bit clarification

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bit clarification

Post by Admin on Fri Feb 19, 2010 9:35 am

Hello. I have just discovered your site and found this question of particular interest (http://www.goinggaited.com/Behavior-Q---A-pg-2.html#anchor_273) because I have the same issue w/my TWH with unknown past. I have wondered if the "program" he has possibly been thru and the showing possibly ingrains in them a "racing" mentality. I've also wondered if the same may be true of racing racking horses. From the very little I know of racing TBs, they respond the same way to rein pressure, taking it as a signal to move forward.



I also must ask about the bit that was mentioned by Kita in her original message. She stated that it is a "snaffle/Wonderbit". I had been confused by the various "snaffle" definitions when I first had my TWH. My understanding is that the Wonderbit is NOT a snaffle because the reins attach BELOW the mouth level, making it a leverage bit. Also, because the mouthpiece moves upward in the mouth, it raises the head, making it a gag bit [and not particularly mild]. I believe it CAN function as a snaffle if the reins are attached to the ring at mouth level so that there is no leverage/shank and the gag action is not used. However, when used as designed with reins on lowest ring, the Wonderbit is a gag bit with a considerable amount of leverage and [usually] a nutcracker mouthpiece. In addition, if the mouthpeice is twisted wire, for example, this can be a very harsh bit.

Any comments appreciated!



Barb in Yucaipa, CA
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Re: bit clarification

Post by Paul Williamson on Sat Feb 20, 2010 3:09 pm

PAUL-



Hello Barb,



As a general advice - whenever a horse is sensitive to rein pressure, I would always use just a plain snaffle. If you want to reach positive results with an easily excited horse, it is advisable to avoid causing him any discomfort and/or confusion by using harsher bits and other surplus gear. Make sure the horse is completely sound and that his gear is a perfect fit and if you still experience problems controlling your horse using a soft snaffle, look at yourself first. . Fancy bits are for the advanced rider and the well-educated horse looking for that extra something to polish off their performance together. The rest of us should all be using traditional soft snaffle bits with and work on controlling our horses with light hands and feet. It is possible.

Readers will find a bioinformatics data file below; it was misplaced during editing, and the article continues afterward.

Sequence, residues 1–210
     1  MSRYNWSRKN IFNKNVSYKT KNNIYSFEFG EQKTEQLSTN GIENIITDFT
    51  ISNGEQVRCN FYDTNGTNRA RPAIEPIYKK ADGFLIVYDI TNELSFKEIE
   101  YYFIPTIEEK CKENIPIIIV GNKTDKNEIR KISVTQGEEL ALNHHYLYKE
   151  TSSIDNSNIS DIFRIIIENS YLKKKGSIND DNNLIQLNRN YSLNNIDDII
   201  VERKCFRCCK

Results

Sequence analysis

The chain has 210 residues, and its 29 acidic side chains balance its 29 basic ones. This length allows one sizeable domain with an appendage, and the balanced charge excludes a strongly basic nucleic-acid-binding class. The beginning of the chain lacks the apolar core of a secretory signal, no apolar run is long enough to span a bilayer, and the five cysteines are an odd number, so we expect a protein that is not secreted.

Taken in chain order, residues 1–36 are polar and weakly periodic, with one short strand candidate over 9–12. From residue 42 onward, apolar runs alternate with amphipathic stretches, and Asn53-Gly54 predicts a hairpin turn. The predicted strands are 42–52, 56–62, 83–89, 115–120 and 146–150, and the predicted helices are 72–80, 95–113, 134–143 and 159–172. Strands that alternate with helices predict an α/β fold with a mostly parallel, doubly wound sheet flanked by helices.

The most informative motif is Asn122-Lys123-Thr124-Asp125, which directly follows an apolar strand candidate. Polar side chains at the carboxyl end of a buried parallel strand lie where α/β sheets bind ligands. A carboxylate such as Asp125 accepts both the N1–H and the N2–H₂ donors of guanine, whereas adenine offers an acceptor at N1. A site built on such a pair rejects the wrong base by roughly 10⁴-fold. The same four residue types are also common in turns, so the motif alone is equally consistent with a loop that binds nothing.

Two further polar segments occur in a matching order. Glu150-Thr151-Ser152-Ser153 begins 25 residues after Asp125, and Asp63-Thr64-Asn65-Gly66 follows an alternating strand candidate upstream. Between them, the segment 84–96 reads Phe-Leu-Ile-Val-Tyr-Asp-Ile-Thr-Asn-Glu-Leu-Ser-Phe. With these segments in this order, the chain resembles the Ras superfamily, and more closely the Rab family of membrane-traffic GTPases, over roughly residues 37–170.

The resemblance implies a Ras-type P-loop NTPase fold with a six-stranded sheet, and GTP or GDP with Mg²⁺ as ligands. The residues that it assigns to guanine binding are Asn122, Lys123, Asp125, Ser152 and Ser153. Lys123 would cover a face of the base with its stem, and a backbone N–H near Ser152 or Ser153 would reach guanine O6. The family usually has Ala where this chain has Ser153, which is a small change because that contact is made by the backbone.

Thanks for your concerns.

Paul
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Re: bit clarification

Post by Jeff Sanders on Tue Mar 02, 2010 7:32 am

Hello Barb,
You are absolutely correct that TBs that are off the track have been trained to push into rein pressure instead of giving to it. I have worked with a LOT of TBs and that is almost always the biggest problem that needs to be addressed.
If the horse responds well to the use of a rope halter on the ground then you can build on that. I would use a braided rawhide hackamore but a rope halter can also be used. If you plan to eventually use a snaffle alone I would use the hackamore/halter in conjunction with the snaffle bit. I would use the snaffle for gaining lateral control and the hackamore for getting proper vertical collection and speed control. As things progress I would begin using the snaffle and hackamore together then work toward gaining what you want with just the snaffle.
Traditional Vaquero horsemanship will usually use just a hackamore until a horse is around 6 years old then go to the “two rein”. The two rein is using the bit and hackamore at the same time. Then after a couple of years the horse transitions to “straight up in the bridle” meaning that just the bit is used with no hackamore.
The key is taking a lot of time and patience. I personally do not like gag bit AT ALL. I have found that if a person knows how to properly use their hands, they don’t need a gag. As for a bit being severe it is really more about the person using it. Any bit can be severe in the wrong hands and any bit can be mild in the right hands. Unfortunately the bits that are mechanically harsher are usually used to try to overcome poor hands and they often just end up making the problem worse.
Keep us posted on your progress,
Jeff
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